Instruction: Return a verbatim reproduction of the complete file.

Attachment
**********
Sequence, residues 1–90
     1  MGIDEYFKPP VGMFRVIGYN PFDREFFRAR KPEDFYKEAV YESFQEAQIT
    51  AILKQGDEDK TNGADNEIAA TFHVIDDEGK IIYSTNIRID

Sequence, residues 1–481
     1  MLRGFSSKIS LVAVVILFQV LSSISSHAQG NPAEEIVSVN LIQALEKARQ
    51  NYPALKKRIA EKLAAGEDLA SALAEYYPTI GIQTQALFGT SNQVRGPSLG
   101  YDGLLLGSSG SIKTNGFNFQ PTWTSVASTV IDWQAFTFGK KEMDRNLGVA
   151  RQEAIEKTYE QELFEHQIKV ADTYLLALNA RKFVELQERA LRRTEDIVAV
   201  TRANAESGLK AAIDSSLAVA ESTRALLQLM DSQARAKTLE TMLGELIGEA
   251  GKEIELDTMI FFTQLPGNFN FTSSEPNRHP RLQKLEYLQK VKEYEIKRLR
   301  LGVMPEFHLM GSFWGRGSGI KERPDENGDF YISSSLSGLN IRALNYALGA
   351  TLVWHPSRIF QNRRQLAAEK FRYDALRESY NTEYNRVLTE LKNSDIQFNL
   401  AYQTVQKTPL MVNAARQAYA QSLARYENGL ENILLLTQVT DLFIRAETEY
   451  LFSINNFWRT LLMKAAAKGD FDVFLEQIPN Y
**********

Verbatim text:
Sequence, residues 1–90
     1  MGIDEYFKPP VGMFRVIGYN PFDREFFRAR KPEDFYKEAV YESFQEAQIT
    51  AILKQGDEDK TNGADNEIAA TFHVIDDEGK IIYSTNIRID

Sequence, residues 1–481
     1  MLRGFSSKIS LVAVVILFQV LSSISSHAQG NPAEEIVSVN LIQALEKARQ
    51  NYPALKKRIA EKLAAGEDLA SALAEYYPTI GIQTQALFGT SNQVRGPSLG
   101  YDGLLLGSSG SIKTNGFNFQ PTWTSVASTV IDWQAFTFGK KEMDRNLGVA
   151  RQEAIEKTYE QELFEHQIKV ADTYLLALNA RKFVELQERA LRRTEDIVAV
   201  TRANAESGLK AAIDSSLAVA ESTRALLQLM DSQARAKTLE TMLGELIGEA
   251  GKEIELDTMI FFTQLPGNFN FTSSEPNRHP RLQKLEYLQK VKEYEIKRLR
   301  LGVMPEFHLM GSFWGRGSGI KERPDENGDF YISSSLSGLN IRALNYALGA
   351  TLVWHPSRIF QNRRQLAAEK FRYDALRESY NTEYNRVLTE LKNSDIQFNL
   401  AYQTVQKTPL MVNAARQAYA QSLARYENGL ENILLLTQVT DLFIRAETEY
   451  LFSINNFWRT LLMKAAAKGD FDVFLEQIPN Y